No rea­son why small va­ca­tion home can’t have first-class style

The Palm Beach Post - Residences - - Residences South - Christine Brun

Sec­ond homes at the beach rep­re­sent some of the most ex­pen­sive of all va­ca­tion spots. Yet there is no short­age of de­voted own­ers who count them­selves blessed to be able to claim part of any lim­ited shore­line as their own. Of course, in South Florida, most of those homes are ac­tu­ally con­do­minium units.

Some­thing about the seashore in­vites a blessed in­te­gra­tion of in­door and out­door liv­ing that is hard to sur­pass.

You feel that you are some­how at the edge of the world, watch­ing chang­ing light over the wa­ter all day and mem­o­rable sun­sets when the day is wind­ing down.

Peo­ple want the doors and win­dows to dis­ap­pear, and of­ten, this is one of the core re­quests of ar­chi­tects who de­sign res­i­dences on the beach.

It hap­pens that this thought is also an an­chor in space-sav­ing tech­niques.

The first time I vis­ited Hawaii, what most im­pressed me as an in­te­rior de­signer was the art­ful blend­ing of the in­side and the out-of-doors. It was an ex­quis­ite blend­ing of breeze, salt air, wood and stone. Huge doors in restau­rants and ho­tels would fold back, so you never had the sense that you were in­doors.

On a visit to a much-smaller plan­ta­tion home, vintage dou­ble doors and screens pock­eted back so that the de­li­cious breezes could flow right through the for­mal rooms. It was de­light­ful!

Check into the amaz­ing ca­pa­bil­ity of NanaWall, the prince of the glass wall that folds away. Visit for ex­am­ples of the flex­i­ble mov­able-wall con­cept and spe­cific get­away sit­u­a­tions where the bal­cony or pa­tio be­comes a part of the main room.

A sec­ond home must cap­ture as much work­ing space as pos­si­ble, and at the shore, most peo­ple want to be out­side on a deck or pa­tio. I came across this stun­ning ex­am­ple of a seashore home by de­signer Jen­nifer Gilmer.

Gilmer crafted a mul­tipur­pose space el­e­gantly com­posed of drift­wood tones and tex­ture.

She blended wood species and char­ac­ter that one might spy on a leisurely walk down the beach: bleached-plank floor­ing, honey-toned ceil­ing planks, etc.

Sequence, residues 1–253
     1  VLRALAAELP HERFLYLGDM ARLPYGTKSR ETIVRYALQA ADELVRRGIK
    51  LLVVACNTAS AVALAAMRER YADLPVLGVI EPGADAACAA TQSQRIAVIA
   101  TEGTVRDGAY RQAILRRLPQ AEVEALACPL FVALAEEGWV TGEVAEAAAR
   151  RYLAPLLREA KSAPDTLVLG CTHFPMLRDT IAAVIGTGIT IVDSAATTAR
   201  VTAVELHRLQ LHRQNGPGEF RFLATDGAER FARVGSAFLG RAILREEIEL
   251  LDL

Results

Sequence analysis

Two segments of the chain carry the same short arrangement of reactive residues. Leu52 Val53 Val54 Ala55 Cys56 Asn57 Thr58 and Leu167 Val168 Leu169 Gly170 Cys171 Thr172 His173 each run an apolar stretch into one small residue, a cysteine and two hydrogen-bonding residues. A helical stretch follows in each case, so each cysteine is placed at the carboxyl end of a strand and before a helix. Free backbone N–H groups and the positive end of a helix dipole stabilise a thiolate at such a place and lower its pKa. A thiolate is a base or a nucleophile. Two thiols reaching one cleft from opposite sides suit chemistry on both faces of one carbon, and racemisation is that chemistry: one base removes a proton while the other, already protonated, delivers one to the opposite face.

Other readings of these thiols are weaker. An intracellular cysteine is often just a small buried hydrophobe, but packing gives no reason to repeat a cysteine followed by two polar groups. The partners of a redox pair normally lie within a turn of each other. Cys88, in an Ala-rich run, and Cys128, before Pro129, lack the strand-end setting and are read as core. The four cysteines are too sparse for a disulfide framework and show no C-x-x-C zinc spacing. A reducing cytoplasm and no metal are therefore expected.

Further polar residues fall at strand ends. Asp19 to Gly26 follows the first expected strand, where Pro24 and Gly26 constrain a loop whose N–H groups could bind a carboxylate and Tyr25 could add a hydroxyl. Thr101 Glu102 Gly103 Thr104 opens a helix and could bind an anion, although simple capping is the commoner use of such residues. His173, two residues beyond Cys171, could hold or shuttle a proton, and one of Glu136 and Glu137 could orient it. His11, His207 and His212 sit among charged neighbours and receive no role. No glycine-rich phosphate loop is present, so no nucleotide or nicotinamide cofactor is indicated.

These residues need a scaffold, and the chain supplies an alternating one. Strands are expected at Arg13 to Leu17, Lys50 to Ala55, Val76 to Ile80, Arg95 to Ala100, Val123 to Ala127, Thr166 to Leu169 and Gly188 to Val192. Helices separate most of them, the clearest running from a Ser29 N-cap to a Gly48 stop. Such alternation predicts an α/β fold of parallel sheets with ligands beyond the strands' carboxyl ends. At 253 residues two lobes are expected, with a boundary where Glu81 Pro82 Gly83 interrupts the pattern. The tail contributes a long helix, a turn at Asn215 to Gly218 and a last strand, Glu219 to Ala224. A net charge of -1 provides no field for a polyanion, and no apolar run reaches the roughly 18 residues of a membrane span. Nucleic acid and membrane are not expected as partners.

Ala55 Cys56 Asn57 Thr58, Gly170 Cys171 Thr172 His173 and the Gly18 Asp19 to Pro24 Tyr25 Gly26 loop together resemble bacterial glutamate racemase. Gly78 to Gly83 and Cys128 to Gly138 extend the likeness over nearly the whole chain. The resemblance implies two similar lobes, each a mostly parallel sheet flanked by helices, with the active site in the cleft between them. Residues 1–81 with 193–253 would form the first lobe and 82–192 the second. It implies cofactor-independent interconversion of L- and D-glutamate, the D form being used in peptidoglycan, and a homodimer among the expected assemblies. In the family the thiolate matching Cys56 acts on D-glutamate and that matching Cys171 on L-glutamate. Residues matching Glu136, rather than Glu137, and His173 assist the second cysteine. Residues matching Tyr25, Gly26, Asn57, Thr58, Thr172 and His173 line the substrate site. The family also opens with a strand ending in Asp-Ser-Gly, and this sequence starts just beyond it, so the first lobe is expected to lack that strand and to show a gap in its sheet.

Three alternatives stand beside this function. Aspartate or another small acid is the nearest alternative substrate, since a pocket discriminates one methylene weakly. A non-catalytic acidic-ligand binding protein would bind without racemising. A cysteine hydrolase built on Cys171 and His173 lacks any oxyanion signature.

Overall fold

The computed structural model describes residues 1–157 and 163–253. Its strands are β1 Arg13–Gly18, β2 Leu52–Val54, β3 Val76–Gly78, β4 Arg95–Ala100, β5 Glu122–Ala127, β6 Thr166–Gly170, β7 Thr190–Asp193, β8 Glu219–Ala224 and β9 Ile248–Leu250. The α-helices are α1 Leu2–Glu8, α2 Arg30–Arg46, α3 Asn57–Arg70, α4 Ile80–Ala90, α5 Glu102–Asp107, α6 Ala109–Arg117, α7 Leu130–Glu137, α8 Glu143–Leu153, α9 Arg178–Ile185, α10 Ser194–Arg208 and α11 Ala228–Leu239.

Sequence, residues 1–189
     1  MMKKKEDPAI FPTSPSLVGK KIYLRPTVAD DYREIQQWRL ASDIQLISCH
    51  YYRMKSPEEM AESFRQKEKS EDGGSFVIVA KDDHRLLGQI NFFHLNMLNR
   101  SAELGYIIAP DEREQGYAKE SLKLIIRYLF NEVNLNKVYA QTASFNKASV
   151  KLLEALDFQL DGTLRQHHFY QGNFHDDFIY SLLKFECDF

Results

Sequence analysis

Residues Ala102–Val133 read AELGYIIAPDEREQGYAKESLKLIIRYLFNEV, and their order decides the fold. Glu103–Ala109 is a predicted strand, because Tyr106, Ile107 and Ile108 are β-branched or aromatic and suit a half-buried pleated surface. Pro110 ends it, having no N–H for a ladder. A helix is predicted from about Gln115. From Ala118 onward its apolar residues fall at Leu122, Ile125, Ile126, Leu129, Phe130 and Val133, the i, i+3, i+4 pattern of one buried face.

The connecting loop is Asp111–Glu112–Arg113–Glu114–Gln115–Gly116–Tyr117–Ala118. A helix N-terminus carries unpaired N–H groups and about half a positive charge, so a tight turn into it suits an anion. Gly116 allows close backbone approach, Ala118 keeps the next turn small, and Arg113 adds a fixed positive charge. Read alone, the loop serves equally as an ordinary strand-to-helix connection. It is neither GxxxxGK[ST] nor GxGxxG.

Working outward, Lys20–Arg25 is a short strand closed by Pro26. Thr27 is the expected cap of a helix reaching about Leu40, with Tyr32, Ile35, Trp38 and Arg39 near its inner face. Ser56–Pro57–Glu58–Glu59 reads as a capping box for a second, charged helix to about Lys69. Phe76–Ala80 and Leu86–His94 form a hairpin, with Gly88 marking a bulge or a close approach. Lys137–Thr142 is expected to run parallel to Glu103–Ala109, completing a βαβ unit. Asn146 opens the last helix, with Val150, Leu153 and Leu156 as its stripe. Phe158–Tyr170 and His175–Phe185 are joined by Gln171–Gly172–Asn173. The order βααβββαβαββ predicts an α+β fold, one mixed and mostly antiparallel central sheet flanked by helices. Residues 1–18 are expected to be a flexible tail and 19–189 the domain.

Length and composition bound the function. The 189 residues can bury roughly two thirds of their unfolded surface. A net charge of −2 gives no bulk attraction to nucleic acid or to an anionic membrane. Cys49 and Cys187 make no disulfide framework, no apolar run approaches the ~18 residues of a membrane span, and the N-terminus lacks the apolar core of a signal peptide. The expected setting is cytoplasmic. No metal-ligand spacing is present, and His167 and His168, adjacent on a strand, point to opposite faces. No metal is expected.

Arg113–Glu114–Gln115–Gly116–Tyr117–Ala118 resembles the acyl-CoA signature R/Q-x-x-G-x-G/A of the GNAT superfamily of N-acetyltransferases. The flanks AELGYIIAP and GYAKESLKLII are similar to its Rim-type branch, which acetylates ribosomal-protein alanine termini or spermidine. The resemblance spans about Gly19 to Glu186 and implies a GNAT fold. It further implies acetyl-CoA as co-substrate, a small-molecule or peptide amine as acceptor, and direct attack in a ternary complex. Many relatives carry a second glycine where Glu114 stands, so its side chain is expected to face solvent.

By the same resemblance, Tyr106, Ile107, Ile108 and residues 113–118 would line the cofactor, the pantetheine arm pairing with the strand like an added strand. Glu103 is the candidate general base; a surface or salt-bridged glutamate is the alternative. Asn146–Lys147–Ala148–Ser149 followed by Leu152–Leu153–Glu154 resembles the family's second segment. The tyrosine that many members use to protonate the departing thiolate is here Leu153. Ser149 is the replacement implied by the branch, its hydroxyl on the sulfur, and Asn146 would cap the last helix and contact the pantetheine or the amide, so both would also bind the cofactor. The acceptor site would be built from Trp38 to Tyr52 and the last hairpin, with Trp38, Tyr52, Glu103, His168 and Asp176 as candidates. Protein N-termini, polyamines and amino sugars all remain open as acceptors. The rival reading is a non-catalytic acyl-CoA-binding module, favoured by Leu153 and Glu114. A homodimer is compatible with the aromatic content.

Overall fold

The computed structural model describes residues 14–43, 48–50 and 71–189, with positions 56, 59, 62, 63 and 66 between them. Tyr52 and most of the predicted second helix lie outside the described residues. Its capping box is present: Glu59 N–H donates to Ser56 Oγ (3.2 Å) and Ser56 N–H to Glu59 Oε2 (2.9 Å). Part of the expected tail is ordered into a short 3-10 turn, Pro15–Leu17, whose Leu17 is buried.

Sev­eral other el­e­ments about this de­sign “sing” as a re­sult of the art­ful com­po­si­tion of the de­signer.

She used no color in the rooms and re­lied on the majesty of the sea and sky

White mar­ble is used for the kitchen coun­ter­top. Off-white is re­peated in the up­hol­stery, in the magnificent co­ral atop the ta­ble, and again in the bleached floors. The crowning glory in this plan is the smash­ing wal­nut slab used as a din­ing ta­ble.

Bold and ex­tra thick, this counter comes fromGrot­house Lum­ber, a man­u­fac­turer of cus­tom-built wood sur­faces lo­cated on a 50-acre farm in east­ern Penn­syl­va­nia. Fea­tured on This Old House re­cently, the com­pany has a pro­pri­etary per­ma­nent fin­ish known as Du­rata.

While you can use wood for work­ing sur­faces in a kitchen, you must know that there are qual­ity is­sues of im­por­tance that will af­fect how pleased you will be with the per­for­mance of your wood

. coun­ter­tops. Re­al­ize, too, that you will get su­pe­rior sta­bil­ity with end-grain tops.

You will want a food-grade oil fin­ish that pro­tects the wood yet is safe for hu­man con­sump­tion.

This is be­cause “work­ing” wood coun­ters re­quire fre­quent oil ap­pli­ca­tions, and some peo­ple con­tinue to have con­cerns about the san­i­ta­tion is­sues of pre­par­ing food on wood. An easy so­lu­tion: Use a smaller cut­ting board to cut cheese or slice meat.

The hard­est species are also the most ex­pen­sive woods, in­clud­ing plan­ta­tion teak, gen­uine ma­hogany, wenge, co­cobolo, Santos rose­wood, Burmese teak and ze­bra­wood.

Of course, be­ing able to sand out any blem­ish caused by chop­ping and other food prepa­ra­tion is one of the en­dear­ing qual­i­ties to own­ing solid­wood coun­ter­tops.

Christine Brun is a Cre­ colum­nist.

Here, de­signer Jen­nifer Gilmer crafted a mul­tipur­pose space that is el­e­gantly com­posed of drift­wood tones and tex­ture.

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